Instrumental songwriting help - Jemsite
Guitar Lessons & Music Theory Post any type of guitar or music lessons, theory and other learning methods.

 
LinkBack Thread Tools Display Modes
post #1 of 15 (permalink) Old 02-19-2013, 10:38 AM Thread Starter
 
Join Date: Nov 2007
Location: Indianapolis
Posts: 2,610
Instrumental songwriting help

For those that write their instrumental stuff, I am hoping you can give me some insight to your writing process.

I have a horrible time transitioning from the "verse" to the "chorus" if you will. If I have done it successfully in the past, it has been an accident. My thinking to an instrumental song though is that it is set up much like a vocal song intro,verse, bridge,chorus,etc... Maybe I am thinking wrong.

I guess my trouble would be the bridge, getting from the melody into the chorus.

Any thoughts? I have so many cool parts of songs that never get finished as whole songs because of this.
satchmo72 is offline  
Sponsored Links
Advertisement
 
post #2 of 15 (permalink) Old 02-19-2013, 10:51 AM
 
Join Date: Jul 2006
Location: San Antonio, Texas
Posts: 978
Reviews: 4
Talking Re: Instrumental songwriting help

Just remember one thing dude, the transition can be whatever you want it to be. It doesn't have to be traditional or how everyone else does it.
dccomputersa is offline  
post #3 of 15 (permalink) Old 02-19-2013, 12:47 PM Thread Starter
 
Join Date: Nov 2007
Location: Indianapolis
Posts: 2,610
Re: Instrumental songwriting help

Thanks man, I'm too analytical sometimes I guess.
satchmo72 is offline  
post #4 of 15 (permalink) Old 02-19-2013, 01:06 PM
 
Join Date: Feb 2011
Location: Tampa, FL
Posts: 1,225
Reviews: 2
Re: Instrumental songwriting help

You mentioned something about going from verse to chorus. Sometimes a key change works nicely. That's something nice about instrumental music in that one isn't restrained by a singer's ability. Be careful though, not all key changes sound great. Try going from major to minor. For example, C major to C minor. One could also think of it as C major to Eb major.
therightjem is offline  
post #5 of 15 (permalink) Old 02-19-2013, 01:57 PM Thread Starter
 
Join Date: Nov 2007
Location: Indianapolis
Posts: 2,610
Re: Instrumental songwriting help

Quote:
Originally Posted by therightjem View Post
You mentioned something about going from verse to chorus. Sometimes a key change works nicely. That's something nice about instrumental music in that one isn't restrained by a singer's ability. Be careful though, not all key changes sound great. Try going from major to minor. For example, C major to C minor. One could also think of it as C major to Eb major.
Good thought, I dont think I have ever sat down and thought about the song harmonically beyond knowing what key I started writing the melody in and what rhythm I want behind the melody. I need to branch out, think about this differently. I have always stayed in the same key.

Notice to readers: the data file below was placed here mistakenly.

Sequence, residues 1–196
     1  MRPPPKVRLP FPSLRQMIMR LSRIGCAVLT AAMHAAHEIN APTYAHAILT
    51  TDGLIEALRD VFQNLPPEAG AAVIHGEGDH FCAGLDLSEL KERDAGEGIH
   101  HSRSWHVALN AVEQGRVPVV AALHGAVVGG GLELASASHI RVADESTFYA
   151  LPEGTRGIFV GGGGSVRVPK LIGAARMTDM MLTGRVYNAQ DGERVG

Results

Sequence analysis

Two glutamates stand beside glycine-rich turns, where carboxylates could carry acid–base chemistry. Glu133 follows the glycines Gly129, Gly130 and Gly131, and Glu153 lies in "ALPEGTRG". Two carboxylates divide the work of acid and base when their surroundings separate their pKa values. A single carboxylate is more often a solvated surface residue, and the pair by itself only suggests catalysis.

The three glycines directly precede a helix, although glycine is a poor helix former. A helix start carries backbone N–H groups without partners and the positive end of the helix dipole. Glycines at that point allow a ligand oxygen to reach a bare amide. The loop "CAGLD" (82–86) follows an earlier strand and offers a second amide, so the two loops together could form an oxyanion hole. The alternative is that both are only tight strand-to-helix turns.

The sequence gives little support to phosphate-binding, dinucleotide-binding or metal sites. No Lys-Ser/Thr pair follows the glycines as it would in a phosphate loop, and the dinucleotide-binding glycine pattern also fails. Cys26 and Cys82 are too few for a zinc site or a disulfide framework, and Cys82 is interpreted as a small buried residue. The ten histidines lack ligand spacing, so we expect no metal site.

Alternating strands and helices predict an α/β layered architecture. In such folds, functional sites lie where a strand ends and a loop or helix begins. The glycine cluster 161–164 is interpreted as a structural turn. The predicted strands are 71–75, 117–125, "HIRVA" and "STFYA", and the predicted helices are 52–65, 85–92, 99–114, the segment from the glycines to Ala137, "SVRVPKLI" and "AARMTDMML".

satchmo72 is offline  
post #6 of 15 (permalink) Old 02-25-2013, 06:28 PM
 
Join Date: Jan 2006
Location: dallas
Posts: 754
Re: Instrumental songwriting help

first you can check out a couple of my instrumentals on this page...see if this is the type of song development you are trying to achieve:

www.soundcloud.com/rastachild (hat trick and fact of the matter)

if this is the type of instrumental stuff you are trying to write, i can at least give you an idea of how i do it.

to me, writing instrumental tunes is almost identical to writing songs for vocals. i honestly don't think of making the structure any differently. but i like progressive rock/metal in general, so a vocal tune can have a lot of changes and that's alright with me. as far as how to come up with transitions...my method is just to jam the tune over and over and then when i get to that part that i'm trying to write, i'll stop and see where i 'hear' the section going. it has helped me immensely to mentally visualize and run sections through my head.

one thing you should never do is force sections together or settle on something you aren't 100% in love with. it's ok to have half finished songs and put them away if they aren't coming together. no need to beat your head against the wall...might be a good time to put it on the backburner and work on a partial tune that you haven't jammed on in awhile.

hope that helps!
rastachild is offline  
post #7 of 15 (permalink) Old 02-26-2013, 07:37 AM
 
Join Date: May 2003
Location: Hilversum, The Netherlands
Posts: 3,273
Re: Instrumental songwriting help

An alternative can also be to think of a drum fill/change in tempo type of thing, or other "break" in the music.

I have similar problems or worse, as I can barely call myself a musician. I have to consciously look at the chords/notes I have used up until that point and consciously say "ok, transition time ... what next?"
Ibateur is offline  
post #8 of 15 (permalink) Old 02-27-2013, 12:04 AM
 
Join Date: Mar 2012
Location: Stockton, CA
Posts: 977
Reviews: 15
Re: Instrumental songwriting help

Quote:
Originally Posted by therightjem View Post
You mentioned something about going from verse to chorus. Sometimes a key change works nicely. That's something nice about instrumental music in that one isn't restrained by a singer's ability. Be careful though, not all key changes sound great. Try going from major to minor. For example, C major to C minor. One could also think of it as C major to Eb major.
"Always With Me, Always With You" is a great example of this.
silverctr is offline